By Scott Burns
Q. I need a pep talk. As of early January, my Vanguard 500 Index fund is 4.65 percent lower that it was at the close of 1999. So, for the last 8 years of patient investing, I have a 4.65 percent capital loss. Yes, I realize I am ignoring the roughly 1.6 percent dividend yield. And yes, my investment portfolio is diversified. But I have looked to the S&P 500 as the bellwether for the domestic equity portion of my portfolio. Market prospects for the next 1 to 5 years appear daunting.
I shudder to think what might have happened had I retired in 2000. Can you give me--- and others--- a few words of encouragement to stay the course? Right now, a money market fund is looking very attractive.
---J. F., by email from Houston, TX
A. The key is not the performance of an individual asset class--- such as the large cap domestic stocks represented by the Vanguard 500 Index fund. The key is the performance of your total portfolio. The reason I preach diversification is that we regularly go through periods where major asset classes are underwater.
Our choice is simple, but difficult. We can try to guess the future and pick the asset class that will do best for the next month or year. Or we can own a variety of asset classes and know that the returns of some asset classes are likely to offset the losses of others.
Diversification works a lot better than guessing.
Q. What part, if any, does home equity play in calculating asset allocation? In my case I’m concerned about proper distribution of assets for retirement. My assets include $215,000 in a bond fund, $500,000 in various stock funds and a mortgage-free home worth about $200,000.
Are my stocks, at 55 percent of total assets, acceptable for long-term inflation/return goals? Or are my stocks at 70 percent of my investment assets unacceptable, too risky, for long-term goals?
--- M.G., by email
A. Good question. Home equity represents the bulk of net worth for most retirees. As a consequence, they should be reluctant to invest in financial securities that represent real estate assets such as REITs. In your case, home equity is a reasonable 22 percent of your net worth. Equities are only 55 percent of your net worth but 70 percent of your financial assets.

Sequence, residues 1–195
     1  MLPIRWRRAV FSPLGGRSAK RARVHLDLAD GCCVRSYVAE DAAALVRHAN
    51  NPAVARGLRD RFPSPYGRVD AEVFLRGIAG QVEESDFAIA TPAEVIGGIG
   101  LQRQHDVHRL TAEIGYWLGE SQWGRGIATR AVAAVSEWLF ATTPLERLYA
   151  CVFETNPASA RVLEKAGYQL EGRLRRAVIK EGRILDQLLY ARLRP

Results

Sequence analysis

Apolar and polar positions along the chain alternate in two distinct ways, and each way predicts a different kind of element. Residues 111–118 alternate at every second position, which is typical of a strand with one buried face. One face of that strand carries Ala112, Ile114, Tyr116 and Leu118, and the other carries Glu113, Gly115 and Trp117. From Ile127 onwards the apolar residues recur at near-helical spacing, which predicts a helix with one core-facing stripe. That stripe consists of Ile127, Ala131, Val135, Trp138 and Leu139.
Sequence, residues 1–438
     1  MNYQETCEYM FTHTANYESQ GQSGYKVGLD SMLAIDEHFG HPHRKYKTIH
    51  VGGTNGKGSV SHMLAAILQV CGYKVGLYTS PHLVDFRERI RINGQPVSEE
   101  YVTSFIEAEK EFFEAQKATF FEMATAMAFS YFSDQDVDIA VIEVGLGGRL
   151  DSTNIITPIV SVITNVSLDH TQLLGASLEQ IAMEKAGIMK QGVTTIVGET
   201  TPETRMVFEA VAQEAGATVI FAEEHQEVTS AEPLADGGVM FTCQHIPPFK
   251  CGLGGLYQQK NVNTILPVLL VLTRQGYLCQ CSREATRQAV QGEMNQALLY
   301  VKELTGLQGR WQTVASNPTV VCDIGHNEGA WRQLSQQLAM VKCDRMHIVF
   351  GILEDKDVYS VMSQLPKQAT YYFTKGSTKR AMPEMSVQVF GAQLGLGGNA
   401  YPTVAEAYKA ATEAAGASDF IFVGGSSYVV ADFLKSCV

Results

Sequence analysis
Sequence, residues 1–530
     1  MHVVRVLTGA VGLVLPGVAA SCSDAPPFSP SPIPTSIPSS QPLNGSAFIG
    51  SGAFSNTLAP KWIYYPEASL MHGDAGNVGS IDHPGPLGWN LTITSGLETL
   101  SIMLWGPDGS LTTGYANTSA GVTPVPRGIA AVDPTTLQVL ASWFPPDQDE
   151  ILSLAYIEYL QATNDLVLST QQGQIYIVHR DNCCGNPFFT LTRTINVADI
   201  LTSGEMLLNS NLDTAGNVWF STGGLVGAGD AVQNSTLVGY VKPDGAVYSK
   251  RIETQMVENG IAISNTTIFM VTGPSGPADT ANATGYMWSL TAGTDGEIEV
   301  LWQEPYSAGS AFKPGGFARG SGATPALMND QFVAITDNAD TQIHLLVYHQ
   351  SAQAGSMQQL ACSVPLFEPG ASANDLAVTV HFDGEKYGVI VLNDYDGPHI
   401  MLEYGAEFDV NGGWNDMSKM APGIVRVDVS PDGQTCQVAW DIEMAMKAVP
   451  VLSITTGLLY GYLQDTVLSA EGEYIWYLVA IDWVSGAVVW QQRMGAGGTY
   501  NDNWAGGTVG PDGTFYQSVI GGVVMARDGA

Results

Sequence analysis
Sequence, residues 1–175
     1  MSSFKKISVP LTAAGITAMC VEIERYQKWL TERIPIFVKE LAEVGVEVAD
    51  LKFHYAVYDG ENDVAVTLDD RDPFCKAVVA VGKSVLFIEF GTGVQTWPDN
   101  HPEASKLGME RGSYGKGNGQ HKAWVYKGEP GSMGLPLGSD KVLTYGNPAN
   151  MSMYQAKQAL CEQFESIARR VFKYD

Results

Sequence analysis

From a portfolio survival perspective, having 70 percent of your financial assets in equities is entirely reasonable since the portfolios with the longest survival periods contain 50 percent to 75 percent equities. Bottom line: You may have arrived where you are by accident (or feel that way), but you’re pretty nicely positioned.
Q. Which assets should one consider when rebalancing a portfolio at year end? For example, my wife and I have set aside a large sum of cash that we will use to buy our retirement home in about 3 years. Should I include that amount in my rebalance calculation? For that matter, should one also include other assets in the calculation, such as the equity in one's home?
---R. and C. B., by email from Dallas
A. Money that is set aside for a particular purpose isn’t part of your permanent portfolio--- the money you expect to use to produce your retirement income. So it should not be included in any rebalancing exercise. You should include things like home equity, pension income and Social Security income by estimating how much they affect the vulnerability of your living standard.
For example, a retiree with no pension, average Social Security benefits, and a mortgaged home with little equity should have a relatively low-risk portfolio of investment assets. On the other hand, a retiree with a pension, above-average Social Security benefits, and a debt-free home can have a higher-risk portfolio of investment assets.
Why? The mortgage-free retiree would suffer less in a broad market decline. Less of his living standard depends on financial assets.